University / Research institute

December 11, 2013


NEDO Team Develops New Weight-Saving Plastic for Car Chassis

Keywords: Manufacturing industry University / Research institute 

The New Energy and Industrial Technology Development Organization (NEDO) announced on September 3, 2013, that they have developed a new carbon-fiber-reinforced thermoplastic (CFRTP) and a molding technique for the CFRTP, together with the University of Tokyo, TORAY, Mitsubishi Rayon, Takagi Seiko, and others. This new plastic is made by using a thermoplastic resin as a matrix which is easy to mold when heated.

Conventional carbon composite materials have been mainly carbon-fiber-reinforced plastics (CFRP) using a thermosetting resin as a matrix, which is hardened by heating and is not softened by reheating. They have some disadvantages, however, such as that CFRPs are difficult to design, are not homogeneous materials like metal, take a lot of time to mold, and are expensive.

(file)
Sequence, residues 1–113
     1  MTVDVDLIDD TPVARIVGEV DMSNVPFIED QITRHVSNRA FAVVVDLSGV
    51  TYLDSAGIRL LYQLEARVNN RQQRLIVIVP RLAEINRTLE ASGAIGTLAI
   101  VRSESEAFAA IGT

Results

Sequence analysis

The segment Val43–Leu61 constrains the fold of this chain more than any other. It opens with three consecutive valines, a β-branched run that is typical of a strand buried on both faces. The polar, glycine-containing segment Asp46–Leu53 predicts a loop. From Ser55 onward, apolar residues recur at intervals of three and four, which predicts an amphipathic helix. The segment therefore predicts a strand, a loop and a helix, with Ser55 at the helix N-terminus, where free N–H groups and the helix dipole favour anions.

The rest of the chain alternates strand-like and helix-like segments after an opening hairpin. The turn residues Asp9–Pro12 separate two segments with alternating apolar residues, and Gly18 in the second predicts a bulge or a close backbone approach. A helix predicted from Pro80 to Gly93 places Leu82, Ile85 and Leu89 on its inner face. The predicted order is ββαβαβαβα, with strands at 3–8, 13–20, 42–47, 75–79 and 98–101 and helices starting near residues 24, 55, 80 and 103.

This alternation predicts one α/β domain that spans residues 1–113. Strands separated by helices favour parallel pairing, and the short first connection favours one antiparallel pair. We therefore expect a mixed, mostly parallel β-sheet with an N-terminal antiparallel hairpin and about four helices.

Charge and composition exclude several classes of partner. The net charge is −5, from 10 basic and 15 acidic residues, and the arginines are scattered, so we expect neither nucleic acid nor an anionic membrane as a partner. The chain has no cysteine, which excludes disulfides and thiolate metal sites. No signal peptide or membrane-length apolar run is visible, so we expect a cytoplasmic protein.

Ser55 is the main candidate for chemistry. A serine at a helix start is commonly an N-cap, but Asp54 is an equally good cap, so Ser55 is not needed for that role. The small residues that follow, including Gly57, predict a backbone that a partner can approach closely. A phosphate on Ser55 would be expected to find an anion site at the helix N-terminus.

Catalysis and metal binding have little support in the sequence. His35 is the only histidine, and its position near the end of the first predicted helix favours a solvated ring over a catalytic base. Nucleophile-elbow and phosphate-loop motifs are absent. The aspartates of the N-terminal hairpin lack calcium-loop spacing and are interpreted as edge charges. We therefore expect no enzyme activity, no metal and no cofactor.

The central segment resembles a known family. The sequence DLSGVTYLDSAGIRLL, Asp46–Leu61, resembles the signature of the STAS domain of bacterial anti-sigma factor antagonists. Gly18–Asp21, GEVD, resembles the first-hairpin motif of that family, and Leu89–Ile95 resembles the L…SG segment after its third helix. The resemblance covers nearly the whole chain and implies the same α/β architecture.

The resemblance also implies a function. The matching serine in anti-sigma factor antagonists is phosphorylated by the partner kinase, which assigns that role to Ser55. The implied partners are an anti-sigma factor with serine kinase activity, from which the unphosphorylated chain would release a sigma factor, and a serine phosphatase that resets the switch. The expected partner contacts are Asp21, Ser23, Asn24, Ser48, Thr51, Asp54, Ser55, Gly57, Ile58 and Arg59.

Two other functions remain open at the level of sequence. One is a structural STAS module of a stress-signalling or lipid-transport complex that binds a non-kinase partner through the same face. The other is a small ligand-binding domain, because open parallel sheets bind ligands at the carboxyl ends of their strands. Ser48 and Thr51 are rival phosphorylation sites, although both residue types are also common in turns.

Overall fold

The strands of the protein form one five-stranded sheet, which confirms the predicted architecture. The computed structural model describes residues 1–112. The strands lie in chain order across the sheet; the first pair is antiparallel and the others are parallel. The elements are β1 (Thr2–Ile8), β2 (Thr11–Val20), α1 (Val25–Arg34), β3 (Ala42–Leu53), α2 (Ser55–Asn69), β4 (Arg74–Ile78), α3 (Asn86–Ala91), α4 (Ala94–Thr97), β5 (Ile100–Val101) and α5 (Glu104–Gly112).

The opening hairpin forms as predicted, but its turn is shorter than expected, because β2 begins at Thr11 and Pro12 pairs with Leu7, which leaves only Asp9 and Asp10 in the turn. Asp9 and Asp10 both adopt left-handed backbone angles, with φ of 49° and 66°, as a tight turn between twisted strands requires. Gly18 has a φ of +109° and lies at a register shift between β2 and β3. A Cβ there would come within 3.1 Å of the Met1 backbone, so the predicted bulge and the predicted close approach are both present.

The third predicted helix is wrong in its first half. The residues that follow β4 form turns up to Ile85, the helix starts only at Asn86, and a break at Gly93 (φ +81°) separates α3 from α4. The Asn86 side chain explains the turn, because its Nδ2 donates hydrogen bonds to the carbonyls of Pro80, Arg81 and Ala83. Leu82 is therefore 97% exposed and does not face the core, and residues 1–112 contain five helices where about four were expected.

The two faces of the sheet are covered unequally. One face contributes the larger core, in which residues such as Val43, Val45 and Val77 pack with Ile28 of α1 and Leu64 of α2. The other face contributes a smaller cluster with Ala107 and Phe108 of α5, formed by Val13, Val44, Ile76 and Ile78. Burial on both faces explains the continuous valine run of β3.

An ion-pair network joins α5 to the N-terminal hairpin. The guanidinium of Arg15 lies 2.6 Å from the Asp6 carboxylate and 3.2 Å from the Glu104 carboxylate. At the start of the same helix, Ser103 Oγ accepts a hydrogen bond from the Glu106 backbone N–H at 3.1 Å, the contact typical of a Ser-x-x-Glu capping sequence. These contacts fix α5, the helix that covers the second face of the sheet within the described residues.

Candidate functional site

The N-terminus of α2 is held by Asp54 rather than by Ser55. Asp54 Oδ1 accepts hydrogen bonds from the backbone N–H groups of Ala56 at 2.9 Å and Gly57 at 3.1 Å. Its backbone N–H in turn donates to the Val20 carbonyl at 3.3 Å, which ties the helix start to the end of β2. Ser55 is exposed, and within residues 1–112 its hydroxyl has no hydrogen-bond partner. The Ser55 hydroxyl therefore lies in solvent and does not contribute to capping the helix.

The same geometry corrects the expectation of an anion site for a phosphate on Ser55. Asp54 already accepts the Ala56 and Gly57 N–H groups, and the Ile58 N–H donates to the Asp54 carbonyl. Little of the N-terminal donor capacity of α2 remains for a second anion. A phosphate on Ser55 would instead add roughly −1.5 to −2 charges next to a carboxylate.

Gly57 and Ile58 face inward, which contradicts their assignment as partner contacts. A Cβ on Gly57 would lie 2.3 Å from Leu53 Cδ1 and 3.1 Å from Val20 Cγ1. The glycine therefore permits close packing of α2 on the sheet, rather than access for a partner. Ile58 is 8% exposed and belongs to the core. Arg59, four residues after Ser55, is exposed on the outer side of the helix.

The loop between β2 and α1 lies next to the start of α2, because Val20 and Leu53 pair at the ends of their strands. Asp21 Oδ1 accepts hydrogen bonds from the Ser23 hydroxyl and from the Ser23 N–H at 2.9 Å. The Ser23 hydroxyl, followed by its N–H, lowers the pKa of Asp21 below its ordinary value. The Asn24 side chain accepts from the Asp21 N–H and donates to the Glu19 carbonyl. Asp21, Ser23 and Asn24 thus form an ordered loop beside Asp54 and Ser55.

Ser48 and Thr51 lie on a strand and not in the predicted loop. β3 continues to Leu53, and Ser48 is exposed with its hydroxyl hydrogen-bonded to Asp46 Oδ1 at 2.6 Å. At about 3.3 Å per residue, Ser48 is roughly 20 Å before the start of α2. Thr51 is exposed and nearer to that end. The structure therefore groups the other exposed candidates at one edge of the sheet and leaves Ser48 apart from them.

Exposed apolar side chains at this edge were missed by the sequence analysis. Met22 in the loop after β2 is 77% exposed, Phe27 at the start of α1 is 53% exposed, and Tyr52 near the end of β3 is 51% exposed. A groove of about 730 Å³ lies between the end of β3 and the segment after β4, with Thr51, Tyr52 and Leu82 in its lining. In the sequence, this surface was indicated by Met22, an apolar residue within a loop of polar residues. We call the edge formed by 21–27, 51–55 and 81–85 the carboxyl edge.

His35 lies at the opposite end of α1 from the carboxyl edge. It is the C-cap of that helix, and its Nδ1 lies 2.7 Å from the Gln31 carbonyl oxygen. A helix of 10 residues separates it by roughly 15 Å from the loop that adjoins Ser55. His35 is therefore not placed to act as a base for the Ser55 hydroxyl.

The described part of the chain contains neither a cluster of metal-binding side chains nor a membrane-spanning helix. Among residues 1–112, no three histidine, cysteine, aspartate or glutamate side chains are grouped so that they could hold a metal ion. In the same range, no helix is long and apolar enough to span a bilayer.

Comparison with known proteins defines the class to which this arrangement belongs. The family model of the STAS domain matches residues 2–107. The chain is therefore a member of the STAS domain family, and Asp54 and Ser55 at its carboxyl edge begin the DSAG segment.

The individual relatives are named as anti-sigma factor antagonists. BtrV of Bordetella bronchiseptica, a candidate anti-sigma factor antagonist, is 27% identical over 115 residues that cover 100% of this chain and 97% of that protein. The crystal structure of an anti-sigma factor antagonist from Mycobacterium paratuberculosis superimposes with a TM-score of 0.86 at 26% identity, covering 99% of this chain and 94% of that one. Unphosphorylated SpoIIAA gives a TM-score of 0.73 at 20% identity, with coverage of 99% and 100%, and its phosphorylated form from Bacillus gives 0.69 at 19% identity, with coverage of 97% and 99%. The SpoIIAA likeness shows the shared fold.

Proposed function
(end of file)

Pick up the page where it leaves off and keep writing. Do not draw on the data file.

To overcome these challenges, CFRTPs are made by using a polypropylene resin, a thermoplastic resin that softens when heated and hardens when cooled. This material can be used in the mass-production of cars, and is expected to contribute to the lightening of automotive chassis (about 30% lighter than current chassis), a reduction in energy consumption, and so on.

The team also successfully developed techniques for high-speed stamping molding, and high-speed internal-pressure molding and bonding, which are techniques necessary for producing automotive structural members. The polypropylene resin being recyclable also suggests the possibility of attaining a closed-loop recycling system spanning the production process and the entire life of the product.